social media

gCaptain: Supporting the “Misuse” of Social Media Since 2007

Rob Almeida
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July 25, 2014

While at the CMA conference in Connecticut this spring, I had the opportunity to speak alongside my media industry peers as well as crisis communications firm, MTI Network.

Considering gCaptain’s mission is to report the news and MTI Network’s mission is to keep their clients out of the news as much as possible, the points we discussed were really quite different.

Videotel, InterManager, MTI Network and the Hill Dickinson law firm have teamed up recently to create a new program called “Social Media at Sea” to address “the unique dangers of inappropriate use of social media by shipboard personnel.”

The objective of the program, according to Videotel’s CEO Nigel Cleave, “is to make [seafarers] aware of the pitfalls associated with the publishing of text, pictures and video clips and to provide the tools to ensure accurate, respectful and responsible posting, in line with any social media policy in place.”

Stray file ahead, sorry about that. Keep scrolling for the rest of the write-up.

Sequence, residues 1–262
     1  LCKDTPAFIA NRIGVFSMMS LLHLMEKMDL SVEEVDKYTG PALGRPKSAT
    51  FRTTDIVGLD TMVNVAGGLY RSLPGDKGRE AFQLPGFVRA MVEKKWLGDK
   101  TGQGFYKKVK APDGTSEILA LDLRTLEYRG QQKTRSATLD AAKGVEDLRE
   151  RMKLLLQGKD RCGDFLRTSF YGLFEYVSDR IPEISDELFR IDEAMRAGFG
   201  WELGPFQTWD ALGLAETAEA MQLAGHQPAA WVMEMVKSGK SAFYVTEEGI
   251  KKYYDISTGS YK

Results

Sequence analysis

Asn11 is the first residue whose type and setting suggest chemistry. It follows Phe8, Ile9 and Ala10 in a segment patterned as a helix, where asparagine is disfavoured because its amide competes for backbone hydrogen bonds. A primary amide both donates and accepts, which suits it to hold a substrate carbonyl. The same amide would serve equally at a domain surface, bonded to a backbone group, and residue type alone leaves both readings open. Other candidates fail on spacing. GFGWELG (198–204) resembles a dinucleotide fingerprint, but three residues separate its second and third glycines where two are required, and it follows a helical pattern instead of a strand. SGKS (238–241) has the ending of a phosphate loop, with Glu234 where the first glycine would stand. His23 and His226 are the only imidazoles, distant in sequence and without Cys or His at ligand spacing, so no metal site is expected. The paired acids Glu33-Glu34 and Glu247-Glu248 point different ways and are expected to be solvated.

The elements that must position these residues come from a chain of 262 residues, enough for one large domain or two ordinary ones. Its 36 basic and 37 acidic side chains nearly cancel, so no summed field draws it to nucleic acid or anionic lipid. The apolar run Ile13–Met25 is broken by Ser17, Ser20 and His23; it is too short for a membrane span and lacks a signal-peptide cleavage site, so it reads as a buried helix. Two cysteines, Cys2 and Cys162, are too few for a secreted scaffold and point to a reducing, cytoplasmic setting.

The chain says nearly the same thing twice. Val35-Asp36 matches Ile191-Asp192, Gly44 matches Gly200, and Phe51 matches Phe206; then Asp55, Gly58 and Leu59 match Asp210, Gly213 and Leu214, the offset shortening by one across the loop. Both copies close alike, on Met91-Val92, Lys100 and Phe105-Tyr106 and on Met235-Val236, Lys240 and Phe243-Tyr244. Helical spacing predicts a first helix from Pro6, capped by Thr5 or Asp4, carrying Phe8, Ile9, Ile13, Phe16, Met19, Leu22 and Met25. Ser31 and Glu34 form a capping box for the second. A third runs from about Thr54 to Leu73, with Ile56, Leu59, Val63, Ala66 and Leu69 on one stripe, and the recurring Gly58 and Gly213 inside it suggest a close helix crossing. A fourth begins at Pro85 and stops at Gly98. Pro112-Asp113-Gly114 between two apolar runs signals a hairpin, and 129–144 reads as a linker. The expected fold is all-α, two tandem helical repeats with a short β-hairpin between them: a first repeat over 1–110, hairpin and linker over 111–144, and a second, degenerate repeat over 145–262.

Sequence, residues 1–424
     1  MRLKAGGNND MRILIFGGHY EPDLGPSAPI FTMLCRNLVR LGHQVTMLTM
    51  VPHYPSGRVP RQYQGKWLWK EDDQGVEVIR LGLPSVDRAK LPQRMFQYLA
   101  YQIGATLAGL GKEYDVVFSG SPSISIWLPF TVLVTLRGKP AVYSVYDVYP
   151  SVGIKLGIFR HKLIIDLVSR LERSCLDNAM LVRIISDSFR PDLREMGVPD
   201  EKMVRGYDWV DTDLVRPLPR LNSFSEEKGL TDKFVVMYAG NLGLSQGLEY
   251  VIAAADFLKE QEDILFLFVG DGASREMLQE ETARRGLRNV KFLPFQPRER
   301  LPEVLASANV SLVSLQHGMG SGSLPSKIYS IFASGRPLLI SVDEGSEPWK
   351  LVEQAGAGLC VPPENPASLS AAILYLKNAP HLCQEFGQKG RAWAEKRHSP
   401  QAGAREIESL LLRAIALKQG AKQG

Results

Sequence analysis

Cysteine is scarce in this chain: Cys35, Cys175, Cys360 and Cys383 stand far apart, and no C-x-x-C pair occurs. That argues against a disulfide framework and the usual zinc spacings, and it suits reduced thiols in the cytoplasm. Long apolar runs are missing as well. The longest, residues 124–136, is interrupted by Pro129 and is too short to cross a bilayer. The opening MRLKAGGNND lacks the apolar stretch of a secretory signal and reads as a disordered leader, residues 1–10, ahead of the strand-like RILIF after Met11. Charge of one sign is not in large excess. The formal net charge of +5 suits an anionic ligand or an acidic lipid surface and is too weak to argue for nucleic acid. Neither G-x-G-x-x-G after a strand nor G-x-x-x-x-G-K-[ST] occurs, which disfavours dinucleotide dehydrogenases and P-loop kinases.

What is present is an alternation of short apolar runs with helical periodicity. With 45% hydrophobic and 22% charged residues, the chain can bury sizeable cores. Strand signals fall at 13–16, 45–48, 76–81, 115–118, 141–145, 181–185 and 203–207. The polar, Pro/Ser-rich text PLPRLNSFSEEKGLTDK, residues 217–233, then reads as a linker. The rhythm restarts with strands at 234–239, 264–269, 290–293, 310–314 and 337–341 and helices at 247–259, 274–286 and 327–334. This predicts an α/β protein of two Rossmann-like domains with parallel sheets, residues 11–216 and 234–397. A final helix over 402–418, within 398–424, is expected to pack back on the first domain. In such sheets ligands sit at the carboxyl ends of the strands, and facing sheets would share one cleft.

Although the folks who are putting this new program are all good people with honorable intentions, we would prefer that you completely ignore them and instead, take note of our top eight tips on using social media:

Here they are:

  1. Ensure you have a Facebook and Twitter account.
  2. Be truthful and accurate when posting to social media.
  3. Do not be degrading to individuals or organizations as it lessens the impact of what you are trying to communicate.
  4. Witness an incident? Tag @gCaptain in your Twitter post to ensure it reaches us.
  5. Don’t want your name attached to the ensuing media coverage? Email your photos and/or video to [email protected] to ensure your anonymity.
  6. Is your employer is operating in an unsafe manner? Anonymously start the discussion on the gCaptain Forum, perhaps you’re not the only one.
  7. Remember – it’s hard to argue with a photograph unless you’re a Photoshop ninja.
  8. Your company’s reputation has very little to do with the photo or video you post to social media, unless it reflects an egregious error or negligence of some sort. In that case, you’re doing the industry a favor by helping to ensure transparency and accountability.


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